Science

Here Be Invisible Dragons

Here Be Invisible Dragons

One recent evening I was browsing my Twitter timeline and I saw a wonderful and glorious thing. Friend of The Lab, Jocelyn Oudesluys (AKA: Quarksparrow), had made a children’s book adaptation of Carl Sagan’s Invisible Dragon story from his book, The Demon Haunted World. I proceeded to share it with my fellow Lab contributors at which point we all flipped out. You can read Jocelyn’... »

Dr. Tania Singer and the Neuroscience of Empathy

Dr. Tania Singer and the Neuroscience of Empathy

The year is 1990 and a man is sitting across from a monkey. Between them is an object that will, in mere moments, become the Raisin Heard Round The World.  This is the lab of Giacomo Rizzolatti, and the monkey is part of an experiment to determine what pre-motor cortex neurons fire in the performing of an action.  By hooking an electrode up to a neuron and a loudspeaker and listening for activity,... »

Wellcome Library Images and Finding My Inner Fish

Wellcome Library Images and Finding My Inner Fish

MAL’s very own Beth brought this sweetass article about the Wellcome image collection to my attention recently. The Wellcome Museum in London made 100,000 high resolution medical and art images available under a Creative Commons license. This includes photos, illustrations, manuscripts, paintings, etchings, sculptures, and artifacts. »

A Promising New Treatment for PTSD, Straight From The Movies

A Promising New Treatment for PTSD, Straight From The Movies

A paper published two weeks ago in Cell promises an exciting new therapy for PTSD, at least in mice. And it’s a little more like something out of “Eternal Sunshine” than you might think. The funny thing is, the reason for that comes down to how memory — especially learned fears such as those that cause PTSD — is written, and rewritten, in your brain. Like Amy said in ... »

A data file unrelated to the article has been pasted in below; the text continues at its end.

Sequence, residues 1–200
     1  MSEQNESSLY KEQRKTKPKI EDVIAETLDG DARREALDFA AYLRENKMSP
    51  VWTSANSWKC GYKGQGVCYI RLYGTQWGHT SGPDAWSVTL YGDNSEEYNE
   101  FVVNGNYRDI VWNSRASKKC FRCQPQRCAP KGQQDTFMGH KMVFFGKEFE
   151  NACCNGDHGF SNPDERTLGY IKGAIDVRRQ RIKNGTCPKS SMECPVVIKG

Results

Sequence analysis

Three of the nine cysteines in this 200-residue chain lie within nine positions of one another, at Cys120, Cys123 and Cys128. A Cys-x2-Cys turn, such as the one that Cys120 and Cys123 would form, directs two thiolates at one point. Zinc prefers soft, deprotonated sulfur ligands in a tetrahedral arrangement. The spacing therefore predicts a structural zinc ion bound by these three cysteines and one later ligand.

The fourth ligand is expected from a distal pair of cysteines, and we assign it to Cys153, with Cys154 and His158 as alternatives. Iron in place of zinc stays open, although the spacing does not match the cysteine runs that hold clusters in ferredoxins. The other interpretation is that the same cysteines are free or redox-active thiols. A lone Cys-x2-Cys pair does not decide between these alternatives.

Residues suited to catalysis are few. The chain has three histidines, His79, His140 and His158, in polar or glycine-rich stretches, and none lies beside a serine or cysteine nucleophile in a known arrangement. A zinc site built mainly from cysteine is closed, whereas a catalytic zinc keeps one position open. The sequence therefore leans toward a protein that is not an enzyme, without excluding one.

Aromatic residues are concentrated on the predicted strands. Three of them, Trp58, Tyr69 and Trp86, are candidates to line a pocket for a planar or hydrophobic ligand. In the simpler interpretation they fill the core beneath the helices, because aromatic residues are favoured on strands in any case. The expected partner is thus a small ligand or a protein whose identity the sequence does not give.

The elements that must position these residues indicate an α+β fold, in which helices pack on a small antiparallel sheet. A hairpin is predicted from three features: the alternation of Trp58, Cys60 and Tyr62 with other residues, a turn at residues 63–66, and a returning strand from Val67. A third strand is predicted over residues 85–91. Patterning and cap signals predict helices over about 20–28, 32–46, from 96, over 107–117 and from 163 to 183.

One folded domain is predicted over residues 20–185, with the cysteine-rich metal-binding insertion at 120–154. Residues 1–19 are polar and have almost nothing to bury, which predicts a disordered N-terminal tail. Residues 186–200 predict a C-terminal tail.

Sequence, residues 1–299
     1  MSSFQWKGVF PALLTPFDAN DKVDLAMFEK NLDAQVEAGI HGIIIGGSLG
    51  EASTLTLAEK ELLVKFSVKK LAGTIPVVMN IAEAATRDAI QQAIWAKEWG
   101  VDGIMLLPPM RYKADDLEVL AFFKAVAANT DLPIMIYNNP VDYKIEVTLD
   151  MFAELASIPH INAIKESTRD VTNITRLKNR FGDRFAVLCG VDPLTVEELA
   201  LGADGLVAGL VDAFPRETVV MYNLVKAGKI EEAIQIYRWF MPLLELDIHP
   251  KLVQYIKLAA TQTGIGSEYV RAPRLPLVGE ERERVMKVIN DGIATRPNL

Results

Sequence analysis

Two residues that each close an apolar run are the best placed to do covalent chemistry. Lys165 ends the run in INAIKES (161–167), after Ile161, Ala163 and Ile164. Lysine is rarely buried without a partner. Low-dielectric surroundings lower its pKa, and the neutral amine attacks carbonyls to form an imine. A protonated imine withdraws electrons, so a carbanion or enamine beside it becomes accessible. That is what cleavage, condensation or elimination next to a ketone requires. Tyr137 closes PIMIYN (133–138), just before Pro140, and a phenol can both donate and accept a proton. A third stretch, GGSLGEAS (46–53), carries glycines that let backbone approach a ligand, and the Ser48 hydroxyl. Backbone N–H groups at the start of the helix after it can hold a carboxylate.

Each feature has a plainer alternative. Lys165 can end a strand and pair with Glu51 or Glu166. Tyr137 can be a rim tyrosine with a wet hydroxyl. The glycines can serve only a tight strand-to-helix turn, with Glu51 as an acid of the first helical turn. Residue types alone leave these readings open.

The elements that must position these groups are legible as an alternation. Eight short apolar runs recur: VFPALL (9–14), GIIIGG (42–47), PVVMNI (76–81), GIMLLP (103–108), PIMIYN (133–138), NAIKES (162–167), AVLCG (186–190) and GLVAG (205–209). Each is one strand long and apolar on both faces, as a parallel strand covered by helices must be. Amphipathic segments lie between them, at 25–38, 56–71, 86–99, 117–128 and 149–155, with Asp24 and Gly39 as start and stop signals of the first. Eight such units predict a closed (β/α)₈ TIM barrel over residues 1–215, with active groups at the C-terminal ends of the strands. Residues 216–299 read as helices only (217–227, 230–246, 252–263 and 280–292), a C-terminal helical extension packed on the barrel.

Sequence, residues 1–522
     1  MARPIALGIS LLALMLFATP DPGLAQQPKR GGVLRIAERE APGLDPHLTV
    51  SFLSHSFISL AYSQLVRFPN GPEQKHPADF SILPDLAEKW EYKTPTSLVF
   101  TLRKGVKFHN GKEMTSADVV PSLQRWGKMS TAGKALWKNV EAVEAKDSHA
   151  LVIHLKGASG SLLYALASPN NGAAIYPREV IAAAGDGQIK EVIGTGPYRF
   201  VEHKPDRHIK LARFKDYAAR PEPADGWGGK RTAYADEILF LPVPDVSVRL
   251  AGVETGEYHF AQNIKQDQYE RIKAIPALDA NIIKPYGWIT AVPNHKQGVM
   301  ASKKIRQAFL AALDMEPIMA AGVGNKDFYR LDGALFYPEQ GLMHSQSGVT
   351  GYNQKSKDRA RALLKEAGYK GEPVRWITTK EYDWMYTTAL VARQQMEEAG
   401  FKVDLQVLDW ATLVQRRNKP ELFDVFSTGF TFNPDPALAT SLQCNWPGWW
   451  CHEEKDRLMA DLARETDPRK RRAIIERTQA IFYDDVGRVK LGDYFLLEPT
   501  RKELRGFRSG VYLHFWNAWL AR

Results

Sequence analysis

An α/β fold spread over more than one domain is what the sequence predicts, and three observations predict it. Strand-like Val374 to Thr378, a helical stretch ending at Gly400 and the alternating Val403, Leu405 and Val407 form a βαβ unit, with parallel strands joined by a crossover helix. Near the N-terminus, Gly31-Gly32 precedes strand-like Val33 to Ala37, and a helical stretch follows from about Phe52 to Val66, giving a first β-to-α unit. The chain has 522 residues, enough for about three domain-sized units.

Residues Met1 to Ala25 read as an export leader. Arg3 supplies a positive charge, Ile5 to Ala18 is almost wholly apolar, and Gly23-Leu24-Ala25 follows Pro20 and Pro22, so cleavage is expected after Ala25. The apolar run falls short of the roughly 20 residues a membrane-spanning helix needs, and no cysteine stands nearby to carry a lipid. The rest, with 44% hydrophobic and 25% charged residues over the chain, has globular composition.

What Can You Tell From a Color-Coded Chromosome?

What Can You Tell From a Color-Coded Chromosome?

In an article published earlier this month, researchers color-coded cells based on which of two X-chromosomes they expressed resulting in beautiful images of marbleized cells like the one above. They are undeniably beautiful; but they also rely on complicated biological pathways and illuminate processes at play in every mammalian female. How does this work, what does it show, and how would it be u... »

You are your gene expression: why it’s not surprising that meditation changes epigenetics

You are your gene expression: why it’s not surprising that meditation changes epigenetics

A study came out that was a rather nice demonstration of some molecular changes that actually drive the benefits of mindfulness meditation, and the response to it was all out of proportion. Which, I suppose, is where I come in. Because headlines like “Scientists finally find how meditating can CHANGE YOUR GENOME!” give me hives. »

The Stinkiest of Cheeses?

The Stinkiest of Cheeses?

Think you like stinky cheese? Limburger, gorgonzola, epoisses? What about cheese that doesn’t just smell like feet or armpits but is actually made from the same bacteria that inhabit those parts of the human body? For the Grown Your Own…Life After Nature exhibit at the Science Gallery Dublin in Trinity College Dublin, scientists created cheese from the little critters responsible for a... »

Aging, Metabolism, and Basic Biology

Aging, Metabolism, and Basic Biology

I’m really happy when a plan comes together, which means when my general plan of “talk about science journalism and cut through some of the hype” converged with a new year’s resolution plan of “summarize papers regularly on MAL”, I was thrilled. There’s an article recently published in Cell that’s actually quite cool, and it’s being picked up i... »

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